Publication Date: June 24, 2019
Binding: Kobo eBook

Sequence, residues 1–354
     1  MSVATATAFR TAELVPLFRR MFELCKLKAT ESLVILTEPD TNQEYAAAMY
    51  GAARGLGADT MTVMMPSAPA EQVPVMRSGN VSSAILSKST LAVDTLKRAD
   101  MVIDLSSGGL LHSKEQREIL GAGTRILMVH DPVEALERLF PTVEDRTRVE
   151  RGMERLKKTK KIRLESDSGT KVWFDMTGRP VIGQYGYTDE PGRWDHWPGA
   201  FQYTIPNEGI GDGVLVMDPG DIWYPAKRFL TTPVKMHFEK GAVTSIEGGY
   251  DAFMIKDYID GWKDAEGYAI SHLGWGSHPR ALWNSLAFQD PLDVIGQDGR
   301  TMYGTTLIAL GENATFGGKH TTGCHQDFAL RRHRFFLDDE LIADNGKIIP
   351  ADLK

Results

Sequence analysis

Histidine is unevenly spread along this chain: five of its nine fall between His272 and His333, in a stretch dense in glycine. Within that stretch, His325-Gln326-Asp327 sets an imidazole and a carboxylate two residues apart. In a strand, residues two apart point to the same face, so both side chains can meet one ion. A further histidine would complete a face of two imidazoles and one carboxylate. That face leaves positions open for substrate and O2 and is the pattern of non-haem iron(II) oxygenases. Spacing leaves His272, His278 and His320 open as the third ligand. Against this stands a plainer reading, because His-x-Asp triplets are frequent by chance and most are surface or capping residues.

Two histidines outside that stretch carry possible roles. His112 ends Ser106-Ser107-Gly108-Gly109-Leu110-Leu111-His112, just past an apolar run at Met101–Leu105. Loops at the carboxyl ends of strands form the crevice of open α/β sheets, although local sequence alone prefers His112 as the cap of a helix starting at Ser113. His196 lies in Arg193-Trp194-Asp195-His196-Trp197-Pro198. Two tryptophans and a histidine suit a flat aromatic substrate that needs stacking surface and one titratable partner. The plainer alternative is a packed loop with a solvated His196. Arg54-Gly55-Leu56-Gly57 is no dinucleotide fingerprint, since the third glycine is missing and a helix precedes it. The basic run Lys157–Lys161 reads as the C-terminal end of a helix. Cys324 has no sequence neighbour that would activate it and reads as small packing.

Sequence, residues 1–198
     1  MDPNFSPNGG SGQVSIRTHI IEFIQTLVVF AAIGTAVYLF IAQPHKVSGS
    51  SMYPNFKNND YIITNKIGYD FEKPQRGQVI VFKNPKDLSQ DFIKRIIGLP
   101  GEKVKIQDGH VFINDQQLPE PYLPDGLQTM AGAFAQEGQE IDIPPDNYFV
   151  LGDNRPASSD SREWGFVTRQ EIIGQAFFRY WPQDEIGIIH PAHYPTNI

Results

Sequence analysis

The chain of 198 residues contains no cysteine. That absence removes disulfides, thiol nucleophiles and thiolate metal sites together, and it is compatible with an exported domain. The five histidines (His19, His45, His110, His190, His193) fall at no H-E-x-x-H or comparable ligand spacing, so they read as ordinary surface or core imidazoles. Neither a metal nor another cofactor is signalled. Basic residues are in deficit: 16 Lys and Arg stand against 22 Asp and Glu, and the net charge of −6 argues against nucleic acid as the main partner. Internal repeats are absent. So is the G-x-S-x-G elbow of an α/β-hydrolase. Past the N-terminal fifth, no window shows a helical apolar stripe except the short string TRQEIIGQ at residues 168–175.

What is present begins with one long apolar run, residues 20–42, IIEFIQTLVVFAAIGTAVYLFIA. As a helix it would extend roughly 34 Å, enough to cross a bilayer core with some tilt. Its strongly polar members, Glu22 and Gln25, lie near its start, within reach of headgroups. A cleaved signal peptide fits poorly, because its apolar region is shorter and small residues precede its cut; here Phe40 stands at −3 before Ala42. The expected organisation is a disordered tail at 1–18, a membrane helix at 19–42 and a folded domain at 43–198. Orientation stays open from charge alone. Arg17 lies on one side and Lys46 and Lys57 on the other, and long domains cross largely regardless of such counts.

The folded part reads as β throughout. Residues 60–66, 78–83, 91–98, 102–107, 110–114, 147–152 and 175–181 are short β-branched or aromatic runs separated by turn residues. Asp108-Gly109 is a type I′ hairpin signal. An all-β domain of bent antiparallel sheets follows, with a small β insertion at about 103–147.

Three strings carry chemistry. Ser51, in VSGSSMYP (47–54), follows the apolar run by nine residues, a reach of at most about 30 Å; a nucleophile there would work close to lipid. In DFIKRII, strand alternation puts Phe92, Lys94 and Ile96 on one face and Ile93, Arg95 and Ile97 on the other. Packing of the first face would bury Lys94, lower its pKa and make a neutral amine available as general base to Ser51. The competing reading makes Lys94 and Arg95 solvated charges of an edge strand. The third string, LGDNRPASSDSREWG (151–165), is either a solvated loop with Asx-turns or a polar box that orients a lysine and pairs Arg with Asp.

The origins of theatre date back to 500 b. C. with religious rituals of ancient Greece. Mime drama dates back to Theocritus, to performances of folk life, to gatherings in honour of the God Dionysus, during which the use of a mask was introduced. The Romans used to mime political situations inventing satirical pantomimes. A silent genre developed in the town of Atella, the Atellan Farce, with fixed characters, ancestors of the stereotypes of the Commedia dell’Arte or theatre of the Zanni. The father of the family of the Zanni was the servant Arlequin. In the Commedia dell’Arte of the Sixteenth Century, the face was covered by a mask that would define the nature of the character. Created by Deburau in 1665, the melancholic Pierrot will step on stage and as his ancestors, he will be forever in love and rejected. With Molière, the use of the mask will start to change until it will disappear leaving space to the expressiveness of the face and nature of the character. With Carlo Goldoni the “Commedia di carattere” will flourish. In the Twentieth Century it’s Charlie Chaplin’s turn to write an important chapter of the art of mime with the romantic hero Charlot who wanders up and down the streets in the city of London in the Twenties, desperate and alone. In his gestural grammar, Etienne Decroux covers the face of the actors with a veil to leave only the body mass to speak. On the contrary, according to his pupil, Marcel Marceau, the face and the hands represent the backbone to gestural eloquence as in Oriental techniques with the aristocratic Noh and the commoner Kabuki. Starting from Graeco-Roman Statuary, retracing the phases of gestural art, remembering the myths of gesture and, working side by side with Decroux, Marceau will decide to generate the last heir of this imaginary dynasty, the merchant of illusions, Bip, leaving him free to live and dream in the temporal space of a performance. Transforming the invisible into visible, bringing into the theatres all ...